Thursday, March 29, 2007

in the shadows

Kevin Johnson at ImmigrationProf Blog gives us a peek at the police state in which out-of-status immigrants live:

Lilia Velasquez, a San Diego immigration attorney and immigration professor at California Western, says in the last 10 days, she's received twice as many calls as normal. She says many Latino residents in North County are terrified because Immigration and Customs Enforcement (ICE) agents have detained their relatives and neighbors. According to the radio interview (here) by KPBS Reporter Amy Isackson, Lilia Velazquez says the stories callers are telling her are nearly identical. Velazquez:

The immigration officer had gone to their homes looking for someone else. They didn't find that someone else. So they arrested the husband or the relative instead. And they were very worried as to whether there was a special operation taking place or why was ICE staking out those places.

Velazquez says callers tell her agents often detain everyone at the house who can't show immigration papers.

And from the LA Times (via Johnson again) we learn that there are shanty towns in Southern California:

Jose and his family live in a world few ever see, a vast poverty born in hundreds of trailer parks strung like a shabby necklace across the eastern Coachella Valley.

Out here — just a few miles from world-class golf resorts, private hunting clubs and polo fields — half-naked children toddle barefoot through mud and filth while packs of feral dogs prowl piles of garbage nearby.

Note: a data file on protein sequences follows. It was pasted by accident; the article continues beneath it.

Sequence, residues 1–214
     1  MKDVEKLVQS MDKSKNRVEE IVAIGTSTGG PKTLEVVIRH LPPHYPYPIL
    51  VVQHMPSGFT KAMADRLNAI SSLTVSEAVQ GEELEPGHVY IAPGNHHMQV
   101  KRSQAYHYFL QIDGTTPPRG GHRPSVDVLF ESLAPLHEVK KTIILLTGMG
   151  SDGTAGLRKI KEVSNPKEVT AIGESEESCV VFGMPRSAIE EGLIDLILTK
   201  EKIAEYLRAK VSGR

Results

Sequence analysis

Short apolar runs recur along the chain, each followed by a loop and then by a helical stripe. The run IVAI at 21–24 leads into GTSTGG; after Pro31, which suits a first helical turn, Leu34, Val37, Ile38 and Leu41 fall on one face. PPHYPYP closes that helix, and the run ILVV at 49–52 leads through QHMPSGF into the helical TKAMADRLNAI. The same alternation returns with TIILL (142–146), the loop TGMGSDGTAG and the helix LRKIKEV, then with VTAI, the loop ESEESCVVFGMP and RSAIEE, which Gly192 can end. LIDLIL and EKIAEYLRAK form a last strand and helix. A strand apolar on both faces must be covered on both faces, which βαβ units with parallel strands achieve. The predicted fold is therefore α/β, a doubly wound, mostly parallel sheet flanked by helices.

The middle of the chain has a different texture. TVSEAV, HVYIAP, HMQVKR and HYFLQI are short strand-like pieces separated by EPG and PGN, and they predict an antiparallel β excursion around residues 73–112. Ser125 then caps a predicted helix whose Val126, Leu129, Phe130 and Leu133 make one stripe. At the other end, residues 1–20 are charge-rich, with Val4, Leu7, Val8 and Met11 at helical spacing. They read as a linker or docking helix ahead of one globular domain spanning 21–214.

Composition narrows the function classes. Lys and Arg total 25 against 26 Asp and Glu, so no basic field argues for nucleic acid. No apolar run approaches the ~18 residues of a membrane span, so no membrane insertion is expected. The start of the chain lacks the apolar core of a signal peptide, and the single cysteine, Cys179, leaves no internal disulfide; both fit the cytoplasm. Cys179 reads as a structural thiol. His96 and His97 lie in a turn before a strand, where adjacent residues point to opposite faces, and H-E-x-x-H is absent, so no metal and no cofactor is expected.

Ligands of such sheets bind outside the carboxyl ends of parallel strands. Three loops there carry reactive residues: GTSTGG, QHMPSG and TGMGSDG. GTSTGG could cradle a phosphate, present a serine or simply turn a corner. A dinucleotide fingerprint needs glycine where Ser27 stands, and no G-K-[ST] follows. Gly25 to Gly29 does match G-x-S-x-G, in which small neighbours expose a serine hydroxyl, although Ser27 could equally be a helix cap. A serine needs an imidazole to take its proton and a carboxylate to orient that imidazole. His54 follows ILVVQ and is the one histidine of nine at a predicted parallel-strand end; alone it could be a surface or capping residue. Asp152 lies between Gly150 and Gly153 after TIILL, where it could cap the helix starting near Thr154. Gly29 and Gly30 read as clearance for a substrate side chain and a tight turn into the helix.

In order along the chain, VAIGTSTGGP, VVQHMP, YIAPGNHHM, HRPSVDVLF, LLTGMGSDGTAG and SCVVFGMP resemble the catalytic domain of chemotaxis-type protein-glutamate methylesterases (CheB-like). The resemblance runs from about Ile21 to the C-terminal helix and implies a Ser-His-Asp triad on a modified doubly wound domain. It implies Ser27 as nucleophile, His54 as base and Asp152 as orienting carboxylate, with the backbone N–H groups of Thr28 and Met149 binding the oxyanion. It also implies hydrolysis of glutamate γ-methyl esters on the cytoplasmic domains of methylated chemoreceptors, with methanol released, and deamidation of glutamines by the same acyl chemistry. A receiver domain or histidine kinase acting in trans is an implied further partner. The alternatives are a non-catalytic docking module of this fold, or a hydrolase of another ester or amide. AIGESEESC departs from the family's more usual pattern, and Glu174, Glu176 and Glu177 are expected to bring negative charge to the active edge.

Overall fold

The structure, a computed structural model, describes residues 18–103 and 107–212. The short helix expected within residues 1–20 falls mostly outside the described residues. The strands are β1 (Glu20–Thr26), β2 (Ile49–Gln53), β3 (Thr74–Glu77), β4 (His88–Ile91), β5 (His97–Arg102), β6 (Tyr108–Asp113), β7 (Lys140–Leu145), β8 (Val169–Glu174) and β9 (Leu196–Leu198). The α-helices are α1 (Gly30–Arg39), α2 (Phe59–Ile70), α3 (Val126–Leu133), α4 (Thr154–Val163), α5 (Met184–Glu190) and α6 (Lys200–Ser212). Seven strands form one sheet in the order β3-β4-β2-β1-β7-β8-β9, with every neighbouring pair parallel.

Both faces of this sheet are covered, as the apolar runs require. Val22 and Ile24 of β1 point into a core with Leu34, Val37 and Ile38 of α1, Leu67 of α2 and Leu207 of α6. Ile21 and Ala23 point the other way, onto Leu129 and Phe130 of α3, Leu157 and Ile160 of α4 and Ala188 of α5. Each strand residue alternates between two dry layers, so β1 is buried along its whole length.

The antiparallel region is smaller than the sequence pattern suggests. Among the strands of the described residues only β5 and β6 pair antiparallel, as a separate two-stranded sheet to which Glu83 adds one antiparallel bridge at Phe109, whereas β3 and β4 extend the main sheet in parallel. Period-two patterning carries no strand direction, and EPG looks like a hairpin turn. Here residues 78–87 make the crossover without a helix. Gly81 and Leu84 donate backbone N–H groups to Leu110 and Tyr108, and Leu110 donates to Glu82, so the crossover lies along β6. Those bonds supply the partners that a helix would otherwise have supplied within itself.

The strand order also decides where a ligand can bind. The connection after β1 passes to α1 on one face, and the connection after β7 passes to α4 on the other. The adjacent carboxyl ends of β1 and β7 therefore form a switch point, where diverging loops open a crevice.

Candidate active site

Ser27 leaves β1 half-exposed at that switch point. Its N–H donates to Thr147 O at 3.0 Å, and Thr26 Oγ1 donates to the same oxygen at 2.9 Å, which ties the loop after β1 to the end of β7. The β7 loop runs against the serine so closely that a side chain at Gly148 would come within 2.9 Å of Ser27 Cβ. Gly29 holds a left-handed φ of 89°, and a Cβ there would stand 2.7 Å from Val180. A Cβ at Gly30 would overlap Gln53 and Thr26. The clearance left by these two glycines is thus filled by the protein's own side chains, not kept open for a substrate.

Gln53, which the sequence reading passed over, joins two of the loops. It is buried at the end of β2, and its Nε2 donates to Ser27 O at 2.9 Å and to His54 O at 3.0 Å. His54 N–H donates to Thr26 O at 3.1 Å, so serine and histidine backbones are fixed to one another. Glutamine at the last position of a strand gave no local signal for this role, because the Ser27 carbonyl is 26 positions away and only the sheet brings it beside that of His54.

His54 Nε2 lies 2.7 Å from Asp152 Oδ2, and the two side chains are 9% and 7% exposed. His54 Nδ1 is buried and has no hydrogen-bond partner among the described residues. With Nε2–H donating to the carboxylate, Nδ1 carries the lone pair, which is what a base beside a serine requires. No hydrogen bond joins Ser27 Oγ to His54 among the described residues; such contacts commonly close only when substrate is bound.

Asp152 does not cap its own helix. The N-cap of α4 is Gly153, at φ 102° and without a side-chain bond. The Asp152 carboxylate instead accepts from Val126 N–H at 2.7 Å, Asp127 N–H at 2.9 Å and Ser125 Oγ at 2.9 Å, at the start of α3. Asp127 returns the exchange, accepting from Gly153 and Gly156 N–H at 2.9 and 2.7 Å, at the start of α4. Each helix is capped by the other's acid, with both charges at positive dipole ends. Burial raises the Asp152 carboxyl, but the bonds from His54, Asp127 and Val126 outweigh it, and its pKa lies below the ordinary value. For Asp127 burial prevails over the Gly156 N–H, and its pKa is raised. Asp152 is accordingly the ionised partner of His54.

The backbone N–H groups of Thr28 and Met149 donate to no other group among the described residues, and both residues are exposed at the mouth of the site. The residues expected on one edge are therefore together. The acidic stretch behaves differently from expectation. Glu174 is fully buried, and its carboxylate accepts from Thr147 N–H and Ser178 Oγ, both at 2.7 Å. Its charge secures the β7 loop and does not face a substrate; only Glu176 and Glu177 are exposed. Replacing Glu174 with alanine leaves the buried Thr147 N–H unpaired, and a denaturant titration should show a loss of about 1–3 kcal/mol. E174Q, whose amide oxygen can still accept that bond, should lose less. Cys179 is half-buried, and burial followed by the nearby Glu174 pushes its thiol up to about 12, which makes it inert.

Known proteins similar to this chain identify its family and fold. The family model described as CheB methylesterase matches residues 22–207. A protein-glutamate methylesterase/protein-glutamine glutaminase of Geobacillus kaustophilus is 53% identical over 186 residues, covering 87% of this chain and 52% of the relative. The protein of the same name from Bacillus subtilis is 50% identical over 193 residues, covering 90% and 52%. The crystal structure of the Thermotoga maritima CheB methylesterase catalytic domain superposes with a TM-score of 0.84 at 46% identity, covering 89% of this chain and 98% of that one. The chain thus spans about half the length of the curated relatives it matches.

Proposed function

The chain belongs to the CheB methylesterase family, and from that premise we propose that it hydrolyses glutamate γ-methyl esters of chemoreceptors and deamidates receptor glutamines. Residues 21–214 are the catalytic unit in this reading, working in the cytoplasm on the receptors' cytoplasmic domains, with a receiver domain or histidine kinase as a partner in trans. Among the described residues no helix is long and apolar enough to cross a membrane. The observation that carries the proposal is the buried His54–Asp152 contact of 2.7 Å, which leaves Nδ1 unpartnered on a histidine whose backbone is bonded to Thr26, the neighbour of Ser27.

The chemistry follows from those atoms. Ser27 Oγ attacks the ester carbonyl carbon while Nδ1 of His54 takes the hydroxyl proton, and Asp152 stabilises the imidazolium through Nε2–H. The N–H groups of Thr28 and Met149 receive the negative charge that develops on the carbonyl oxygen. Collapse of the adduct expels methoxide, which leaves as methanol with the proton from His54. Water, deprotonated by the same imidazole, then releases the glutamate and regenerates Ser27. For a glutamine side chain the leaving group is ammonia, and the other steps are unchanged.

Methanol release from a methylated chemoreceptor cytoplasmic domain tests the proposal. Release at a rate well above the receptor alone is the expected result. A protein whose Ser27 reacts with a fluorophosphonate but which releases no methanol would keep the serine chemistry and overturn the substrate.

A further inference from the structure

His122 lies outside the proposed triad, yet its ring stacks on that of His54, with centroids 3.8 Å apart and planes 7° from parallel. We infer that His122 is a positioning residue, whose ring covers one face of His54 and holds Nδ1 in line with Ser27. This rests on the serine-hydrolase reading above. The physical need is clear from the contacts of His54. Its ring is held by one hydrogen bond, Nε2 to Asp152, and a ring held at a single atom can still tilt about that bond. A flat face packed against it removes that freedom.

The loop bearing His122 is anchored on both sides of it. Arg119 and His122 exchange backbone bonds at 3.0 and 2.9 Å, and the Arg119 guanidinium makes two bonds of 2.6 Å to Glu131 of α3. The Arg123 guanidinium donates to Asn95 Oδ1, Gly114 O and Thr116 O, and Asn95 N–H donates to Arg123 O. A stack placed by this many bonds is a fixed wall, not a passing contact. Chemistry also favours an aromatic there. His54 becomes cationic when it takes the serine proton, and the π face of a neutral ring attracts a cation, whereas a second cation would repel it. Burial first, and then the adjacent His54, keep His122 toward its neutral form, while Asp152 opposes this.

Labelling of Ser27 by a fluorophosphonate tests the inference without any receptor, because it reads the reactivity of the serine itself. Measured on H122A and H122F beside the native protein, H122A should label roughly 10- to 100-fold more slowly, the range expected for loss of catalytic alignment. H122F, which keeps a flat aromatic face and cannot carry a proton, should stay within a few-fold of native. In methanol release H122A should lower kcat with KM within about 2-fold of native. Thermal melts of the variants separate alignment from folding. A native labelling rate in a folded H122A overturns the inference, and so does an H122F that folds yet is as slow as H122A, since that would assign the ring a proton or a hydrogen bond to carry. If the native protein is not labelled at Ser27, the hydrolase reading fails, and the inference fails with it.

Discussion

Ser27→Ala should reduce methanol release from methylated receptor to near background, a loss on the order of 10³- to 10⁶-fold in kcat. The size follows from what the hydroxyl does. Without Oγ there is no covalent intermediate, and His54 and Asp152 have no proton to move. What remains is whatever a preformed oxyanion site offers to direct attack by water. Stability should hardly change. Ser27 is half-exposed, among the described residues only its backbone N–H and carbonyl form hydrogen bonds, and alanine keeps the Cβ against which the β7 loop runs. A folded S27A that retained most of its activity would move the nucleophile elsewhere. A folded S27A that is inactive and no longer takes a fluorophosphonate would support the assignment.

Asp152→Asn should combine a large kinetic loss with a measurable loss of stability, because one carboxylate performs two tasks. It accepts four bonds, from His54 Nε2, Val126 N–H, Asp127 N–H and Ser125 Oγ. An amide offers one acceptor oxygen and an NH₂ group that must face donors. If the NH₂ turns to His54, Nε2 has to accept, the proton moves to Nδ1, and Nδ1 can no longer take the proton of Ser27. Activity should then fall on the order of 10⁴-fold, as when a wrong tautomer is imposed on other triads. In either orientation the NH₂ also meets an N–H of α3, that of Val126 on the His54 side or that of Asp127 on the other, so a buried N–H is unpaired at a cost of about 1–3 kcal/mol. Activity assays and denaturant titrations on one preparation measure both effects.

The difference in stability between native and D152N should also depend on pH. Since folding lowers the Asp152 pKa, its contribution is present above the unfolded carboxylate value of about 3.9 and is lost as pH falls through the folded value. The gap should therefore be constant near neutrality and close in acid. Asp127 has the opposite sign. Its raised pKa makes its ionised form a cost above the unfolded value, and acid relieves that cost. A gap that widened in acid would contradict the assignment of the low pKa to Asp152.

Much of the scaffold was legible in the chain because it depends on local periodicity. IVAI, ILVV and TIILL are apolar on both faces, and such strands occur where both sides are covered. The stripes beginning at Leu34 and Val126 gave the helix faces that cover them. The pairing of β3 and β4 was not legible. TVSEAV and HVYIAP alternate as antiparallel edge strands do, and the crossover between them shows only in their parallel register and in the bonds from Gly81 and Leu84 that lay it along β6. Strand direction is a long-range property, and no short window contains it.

Thick smoke from mountains of burning trash drifts through broken windows. People — sometimes 30 or more — are crammed into trailers with no heat, no air-conditioning, undrinkable water, flickering power and plumbing that breaks down for weeks or months at a time. "I was speechless," said Haider Quintero, a Colombian training for the priesthood who recently visited the parks as part of his studies. "I never expected to see this in America."

. . .

Some of the largest and poorest parks are on the Torres Martinez Indian Reservation where they are not subject to local zoning laws and the county can't monitor safety, hygiene and building standards. The reservation is also home to the worst illegal dumps of any tribe in California, Arizona or Nevada, according to the Environmental Protection Agency. The federal agency has closed 10 of the 20 most toxic dumps and cited four of the largest trailer parks for health violations.

. . .

The presence of the parks on the reservation has frustrated Torres Martinez Tribal Chairman Raymond Torres.

"The owners started off with good intentions, then I think it overwhelmed them," he said. "I have a real problem with it. Someone is going to get hurt. I'd like to see the parks gone and the owners start over again."

But in the complex world of tribal sovereignty, Torres cannot close the parks; only the Bureau of Indian Affairs can. The bureau said last week that parks on the reservation are illegal because they do not issue bureau-approved leases to tenants. They are now threatening legal action against [trailer park] Duroville and said other parks could be next.

Trailer parks began springing up on Indian land largely because of a county crackdown. In 1998, after several fatal accidents caused by faulty wiring, Riverside County began closing parks that did not have permits and threatening to sue others not up to code. Faced with outrage from farmworker advocates and the Roman Catholic Church, who feared thousands could be rendered homeless, officials backed off, but not before many panicked park dwellers had moved onto the reservation.

Bad things happen when an entire community lives outside of the law.

On the other side of the park, Cesar Rafael, 17, a Purepechan, lives in his parents' trailer. He and several other students at Desert Mirage High School in Thermal made a short video about their world, "The Contaminated Valley," which was shown at school.